International consortium publishes recommendations for neoadjuvant
Clayton R. Boldt, Ph.D.
An international consortium, led in part by clinicians and researchers from The University of Texas MD Anderson Cancer Center, has published a series of best-practice recommendations for conducting clinical trials for neoadjuvant, or pre-surgical, therapies in patients with locally advanced melanoma.
The report, published in Lancet Oncology, provides recommendations for clinical trial design, including patient inclusion criteria, treatment duration, statistical endpoints, surgical considerations, and biospecimen collection and analysis. These guidelines are intended to align the field with standard practices that will maximize the impact of neoadjuvant trials through pooling study of data and more rapidly bring effective therapies to patients with earlier stage disease.
Systemic neoadjuvant therapy has proven effective for several cancer types and is increasingly common as a treatment approach. However, melanoma treatment before surgery has not been widely studied because it is only recently that effective treatment options have emerged.
New targeted and immune therapies have proven effective at treating patients with stage IV, or metastatic, melanoma, so clinicians would like to test these agents in those with earlier stage disease, explained Rodabe Amaria, M.D., assistant professor of Melanoma Medical Oncology and co-first author of the paper.
New drugs have revolutionized treatment
“Current approaches have proven inferior for our patients with locally advanced disease, so there is a lot of interest in trying to move these new therapies into earlier stages to hopefully improve the chance of curing these patients,” says Amaria. “The challenge is this is a relatively small patient population, and so we needed to organize ourselves as a field to create the most high-impact trials that will help us learn as much as possible.”
The American Cancer Society estimates 96,480 melanomas will be diagnosed in the United States this year, and just about 15 percent of those will have stage III, or locally advanced disease.
Based on that population size, it would be hard for any single neoadjuvant therapy trial to generate data sufficient to obtain approval by the U.S. Food & Drug Administration (FDA), according to Elizabeth Burton, director of melanoma research planning & development in Surgical Oncology and co-first author.
“Most studies being conducted in the neoadjuvant setting are single-center trials, and they all were done a bit differently,” says Burton. “When talking with colleagues in other fields and experts from the FDA, we realized that there was no established path for moving therapies into earlier stages for patients with melanoma.”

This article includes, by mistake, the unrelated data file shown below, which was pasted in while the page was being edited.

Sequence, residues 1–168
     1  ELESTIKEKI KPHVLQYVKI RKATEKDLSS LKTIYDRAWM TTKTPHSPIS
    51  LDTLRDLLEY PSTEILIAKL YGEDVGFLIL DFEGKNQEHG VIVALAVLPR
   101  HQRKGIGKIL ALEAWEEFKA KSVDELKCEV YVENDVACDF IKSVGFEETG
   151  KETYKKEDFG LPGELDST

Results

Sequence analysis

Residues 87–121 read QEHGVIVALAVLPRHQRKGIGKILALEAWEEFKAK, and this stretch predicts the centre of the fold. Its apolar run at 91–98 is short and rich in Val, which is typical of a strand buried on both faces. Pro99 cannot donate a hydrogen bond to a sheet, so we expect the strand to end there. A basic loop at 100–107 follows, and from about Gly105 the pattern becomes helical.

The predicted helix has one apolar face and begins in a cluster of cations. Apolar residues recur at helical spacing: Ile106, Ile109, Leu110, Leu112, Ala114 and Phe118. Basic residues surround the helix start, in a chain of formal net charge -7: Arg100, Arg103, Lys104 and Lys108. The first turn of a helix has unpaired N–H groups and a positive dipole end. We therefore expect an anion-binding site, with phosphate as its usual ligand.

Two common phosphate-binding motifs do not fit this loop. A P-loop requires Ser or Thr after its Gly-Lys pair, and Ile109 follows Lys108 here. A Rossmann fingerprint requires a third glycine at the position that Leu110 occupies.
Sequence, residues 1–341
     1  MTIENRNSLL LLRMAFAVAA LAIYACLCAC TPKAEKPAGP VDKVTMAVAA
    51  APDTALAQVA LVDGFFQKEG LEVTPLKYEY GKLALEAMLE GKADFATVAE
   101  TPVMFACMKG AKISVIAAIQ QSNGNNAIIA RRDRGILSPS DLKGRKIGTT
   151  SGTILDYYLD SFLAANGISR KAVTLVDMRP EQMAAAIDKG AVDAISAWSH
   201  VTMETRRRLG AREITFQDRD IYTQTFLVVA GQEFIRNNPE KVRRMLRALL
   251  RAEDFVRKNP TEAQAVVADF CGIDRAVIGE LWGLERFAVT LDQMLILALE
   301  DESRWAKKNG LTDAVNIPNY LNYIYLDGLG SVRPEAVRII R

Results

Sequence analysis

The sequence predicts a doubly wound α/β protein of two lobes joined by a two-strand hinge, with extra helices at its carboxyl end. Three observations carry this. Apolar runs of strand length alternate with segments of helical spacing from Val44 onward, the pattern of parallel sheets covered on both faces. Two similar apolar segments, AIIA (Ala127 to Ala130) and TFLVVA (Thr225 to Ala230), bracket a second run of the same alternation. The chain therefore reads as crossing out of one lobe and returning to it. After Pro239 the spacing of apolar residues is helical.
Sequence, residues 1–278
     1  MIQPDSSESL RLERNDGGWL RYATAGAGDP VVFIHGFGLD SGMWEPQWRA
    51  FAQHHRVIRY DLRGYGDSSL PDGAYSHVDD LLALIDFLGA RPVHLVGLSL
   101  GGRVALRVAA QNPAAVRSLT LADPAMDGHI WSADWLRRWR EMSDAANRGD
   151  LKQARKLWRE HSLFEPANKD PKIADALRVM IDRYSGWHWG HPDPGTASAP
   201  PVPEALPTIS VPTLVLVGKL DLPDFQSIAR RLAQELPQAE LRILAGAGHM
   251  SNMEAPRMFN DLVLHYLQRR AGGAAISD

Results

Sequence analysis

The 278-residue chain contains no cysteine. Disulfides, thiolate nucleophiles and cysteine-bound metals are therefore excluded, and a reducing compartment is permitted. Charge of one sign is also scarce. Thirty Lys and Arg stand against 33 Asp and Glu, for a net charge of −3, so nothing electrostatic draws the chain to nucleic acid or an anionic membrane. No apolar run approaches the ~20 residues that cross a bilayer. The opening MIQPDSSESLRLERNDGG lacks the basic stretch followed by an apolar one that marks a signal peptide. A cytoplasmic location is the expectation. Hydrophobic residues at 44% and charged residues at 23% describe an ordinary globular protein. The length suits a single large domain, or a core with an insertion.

Getting beyond single-center clinical trials
Thus, there was a desire to convene a group of experts in the melanoma field to establish best-practices for conducting these trials. Experts from MD Anderson, the Melanoma Institute of Australia and the Netherlands Cancer Institute therefore came together to establish the International Neoadjuvant Melanoma Consortium (INMC) in 2016.
The INMC incorporates experts from many disciplines, including experts in medical oncology, surgical oncology, pathology, translational research, statistics and radiology. The earliest meetings also included breast cancer experts, who are well-versed in the field of neoadjuvant treatment, and the FDA, who provided insight into what would be needed for regulatory approval.
Since its inception, the INMC has grown to more than 220 members around the world. The group meets at least annually, with satellite meetings often focusing on specific areas or disciplines.
“We’ve seen that there’s a lot of interest in neoadjuvant melanoma trials, both from physicians as well as pharmaceutical companies,” says Amaria. “There was a lot of buy-in from the start, and the support and enthusiasm been steadily increasing with each meeting we have.”
Many of those from MD Anderson also are part of the Melanoma Moon Shot® team, a group driven to save the lives of patients by advancing novel prevention, early detection and personalized therapeutic strategies. Several neoadjuvant trials at MD Anderson have been sponsored by the Moon Shots Program®, as well as some of the first INMC meetings.
Going forward, the INMC will continue to work collaboratively to advance novel trials designed around these best-practices. Having standard approaches will allow physicians and researchers around the world to pool data from multiple trials to learn about the most effective treatments and more easily apply for regulatory approval of neoadjuvant therapies with the FDA.